Antillia group which is fictional, Columbus didn't know that, reported to be 200 leagues (690 miles) west of the Azores, maybe that's where he was heading for.

            http://en.wikipedia.org/wiki/Zuane_Pizzigano
            http://en.wikipedia.org/wiki/Antillia
            • 'If ignorant both of your enemy and yourself, you are certain to be in peril.' Sun Tzu

            Definition of government, "an institution which prevents injustice other than such as it commits itself" by Ibn Khaldun

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            • #7
              A thought about consequences if initial permanent European explorations and settlements happened in North America and central South America (east coast, of course). Might such an unfolding have given more of an opportunity to the Aztec and Inca Empires to realize the nature of the incursions and for some time for the native populations to adjust to European introduced diseases? Perhaps enough for a situation somewhat resembling that of India with British colonialism to eventuate?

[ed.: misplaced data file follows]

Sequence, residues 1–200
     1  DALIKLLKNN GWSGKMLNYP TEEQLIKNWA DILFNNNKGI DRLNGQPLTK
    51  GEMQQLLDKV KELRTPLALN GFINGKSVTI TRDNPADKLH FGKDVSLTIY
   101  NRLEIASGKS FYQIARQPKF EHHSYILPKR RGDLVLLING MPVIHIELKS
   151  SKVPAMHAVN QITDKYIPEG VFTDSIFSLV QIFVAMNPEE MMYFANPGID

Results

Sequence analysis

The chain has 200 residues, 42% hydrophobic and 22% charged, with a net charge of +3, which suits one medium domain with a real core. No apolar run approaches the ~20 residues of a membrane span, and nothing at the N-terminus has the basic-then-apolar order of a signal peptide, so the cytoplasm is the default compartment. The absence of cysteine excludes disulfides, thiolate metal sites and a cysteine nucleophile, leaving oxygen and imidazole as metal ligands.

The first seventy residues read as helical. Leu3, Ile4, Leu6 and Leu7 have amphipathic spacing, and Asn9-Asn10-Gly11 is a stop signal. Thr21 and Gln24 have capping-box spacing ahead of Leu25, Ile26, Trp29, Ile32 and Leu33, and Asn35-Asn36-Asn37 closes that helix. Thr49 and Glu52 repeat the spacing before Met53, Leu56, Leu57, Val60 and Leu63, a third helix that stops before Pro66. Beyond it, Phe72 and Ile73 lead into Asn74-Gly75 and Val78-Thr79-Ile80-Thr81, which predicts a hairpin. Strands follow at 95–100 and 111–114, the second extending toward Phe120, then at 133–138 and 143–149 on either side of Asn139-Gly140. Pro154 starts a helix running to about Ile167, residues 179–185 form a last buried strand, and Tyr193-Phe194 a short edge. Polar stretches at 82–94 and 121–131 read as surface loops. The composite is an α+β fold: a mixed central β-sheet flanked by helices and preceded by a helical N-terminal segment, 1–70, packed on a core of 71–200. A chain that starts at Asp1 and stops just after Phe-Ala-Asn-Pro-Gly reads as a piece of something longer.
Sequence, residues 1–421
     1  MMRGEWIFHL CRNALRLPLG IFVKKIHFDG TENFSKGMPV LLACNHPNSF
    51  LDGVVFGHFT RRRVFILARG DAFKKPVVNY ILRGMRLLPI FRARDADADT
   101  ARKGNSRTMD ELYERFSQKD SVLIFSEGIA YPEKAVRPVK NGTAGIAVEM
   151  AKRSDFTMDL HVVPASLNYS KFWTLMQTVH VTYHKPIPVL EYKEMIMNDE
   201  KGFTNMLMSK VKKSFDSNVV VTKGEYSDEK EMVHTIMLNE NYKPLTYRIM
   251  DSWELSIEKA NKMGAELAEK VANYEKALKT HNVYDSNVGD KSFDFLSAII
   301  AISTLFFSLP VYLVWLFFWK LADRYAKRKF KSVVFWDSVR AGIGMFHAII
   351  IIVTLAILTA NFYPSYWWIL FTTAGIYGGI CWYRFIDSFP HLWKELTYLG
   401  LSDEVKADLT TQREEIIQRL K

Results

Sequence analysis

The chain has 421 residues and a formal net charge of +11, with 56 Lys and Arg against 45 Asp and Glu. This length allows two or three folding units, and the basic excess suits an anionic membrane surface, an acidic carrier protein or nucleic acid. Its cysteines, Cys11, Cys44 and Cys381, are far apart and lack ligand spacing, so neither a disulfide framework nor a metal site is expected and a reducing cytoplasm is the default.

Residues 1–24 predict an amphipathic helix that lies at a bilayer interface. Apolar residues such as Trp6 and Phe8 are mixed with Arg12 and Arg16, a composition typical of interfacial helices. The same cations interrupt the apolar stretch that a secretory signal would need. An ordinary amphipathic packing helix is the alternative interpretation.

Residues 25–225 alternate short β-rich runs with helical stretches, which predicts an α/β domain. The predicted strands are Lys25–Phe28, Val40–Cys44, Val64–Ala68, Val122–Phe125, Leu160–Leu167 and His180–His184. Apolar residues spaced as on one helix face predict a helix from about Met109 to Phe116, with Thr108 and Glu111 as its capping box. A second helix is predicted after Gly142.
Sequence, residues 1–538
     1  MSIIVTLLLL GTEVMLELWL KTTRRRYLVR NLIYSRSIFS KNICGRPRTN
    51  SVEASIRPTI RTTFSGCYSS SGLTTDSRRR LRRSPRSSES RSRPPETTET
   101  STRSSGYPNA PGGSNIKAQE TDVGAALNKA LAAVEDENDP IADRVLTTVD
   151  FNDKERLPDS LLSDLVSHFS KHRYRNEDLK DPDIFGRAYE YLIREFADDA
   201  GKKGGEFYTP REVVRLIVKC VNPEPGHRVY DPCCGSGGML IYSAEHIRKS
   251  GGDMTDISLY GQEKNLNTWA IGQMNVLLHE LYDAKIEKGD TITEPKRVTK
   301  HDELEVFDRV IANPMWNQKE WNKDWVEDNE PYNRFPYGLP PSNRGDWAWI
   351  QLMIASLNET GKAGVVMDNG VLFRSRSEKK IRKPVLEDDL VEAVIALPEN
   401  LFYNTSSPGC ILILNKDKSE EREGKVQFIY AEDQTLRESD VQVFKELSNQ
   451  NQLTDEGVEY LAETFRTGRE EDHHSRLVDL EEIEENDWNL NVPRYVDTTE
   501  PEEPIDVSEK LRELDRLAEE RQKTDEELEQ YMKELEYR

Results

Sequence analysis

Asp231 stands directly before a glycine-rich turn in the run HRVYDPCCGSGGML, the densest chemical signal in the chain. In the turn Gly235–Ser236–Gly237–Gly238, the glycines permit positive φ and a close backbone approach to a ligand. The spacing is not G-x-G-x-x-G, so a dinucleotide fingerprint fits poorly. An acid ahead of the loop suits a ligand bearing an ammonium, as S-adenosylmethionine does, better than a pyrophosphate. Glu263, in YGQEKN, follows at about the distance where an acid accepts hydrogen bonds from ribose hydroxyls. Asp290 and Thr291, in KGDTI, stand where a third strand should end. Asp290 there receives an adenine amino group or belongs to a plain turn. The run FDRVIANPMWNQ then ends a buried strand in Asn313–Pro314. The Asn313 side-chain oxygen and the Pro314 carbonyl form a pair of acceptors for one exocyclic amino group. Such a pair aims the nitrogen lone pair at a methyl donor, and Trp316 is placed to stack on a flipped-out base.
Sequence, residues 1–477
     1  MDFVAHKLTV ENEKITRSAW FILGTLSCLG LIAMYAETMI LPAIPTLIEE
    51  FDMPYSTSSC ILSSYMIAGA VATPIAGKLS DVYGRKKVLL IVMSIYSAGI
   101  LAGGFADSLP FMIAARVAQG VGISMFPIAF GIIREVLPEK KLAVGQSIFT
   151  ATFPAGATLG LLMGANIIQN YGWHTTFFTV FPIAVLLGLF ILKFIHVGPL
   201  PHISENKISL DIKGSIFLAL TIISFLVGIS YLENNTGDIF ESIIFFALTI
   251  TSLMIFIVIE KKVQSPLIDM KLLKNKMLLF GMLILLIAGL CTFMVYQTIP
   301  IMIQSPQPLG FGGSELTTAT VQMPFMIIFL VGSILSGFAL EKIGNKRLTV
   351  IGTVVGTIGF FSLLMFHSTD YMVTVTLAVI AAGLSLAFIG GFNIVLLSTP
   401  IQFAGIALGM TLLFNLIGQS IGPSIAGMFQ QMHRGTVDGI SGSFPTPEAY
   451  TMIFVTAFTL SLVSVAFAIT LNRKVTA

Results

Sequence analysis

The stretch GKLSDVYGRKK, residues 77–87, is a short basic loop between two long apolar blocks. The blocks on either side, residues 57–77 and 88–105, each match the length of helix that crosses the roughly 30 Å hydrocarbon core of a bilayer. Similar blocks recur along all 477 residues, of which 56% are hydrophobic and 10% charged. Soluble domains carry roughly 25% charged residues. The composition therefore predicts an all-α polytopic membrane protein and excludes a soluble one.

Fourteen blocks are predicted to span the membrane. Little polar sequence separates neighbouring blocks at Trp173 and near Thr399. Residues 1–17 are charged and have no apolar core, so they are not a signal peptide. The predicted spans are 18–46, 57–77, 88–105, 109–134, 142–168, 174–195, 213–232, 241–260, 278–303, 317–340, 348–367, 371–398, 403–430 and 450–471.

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              • #8
                Originally posted by Tuor View Post
                ... Might such an unfolding have given more of an opportunity to the Aztec and Inca Empires to realize the nature of the incursions and for some time for the native populations to adjust to European introduced diseases?
                Culturally most adapted with much speed. Others with less, and some were stubborn & clung to the old ways. The already well organized groups of Central America would have grasped things like metal working quickly. Tho the lack of large surface coal deposits and easy iron ore would have been a handicap.

                The disease problem is another matter. Early Spanish documents and archeology strongly suggest frequent & multiple waves of disease epidemics reduced the population of the Americas by over 80% in a century or less. Epidemics continued to ravage the original populations to the present day.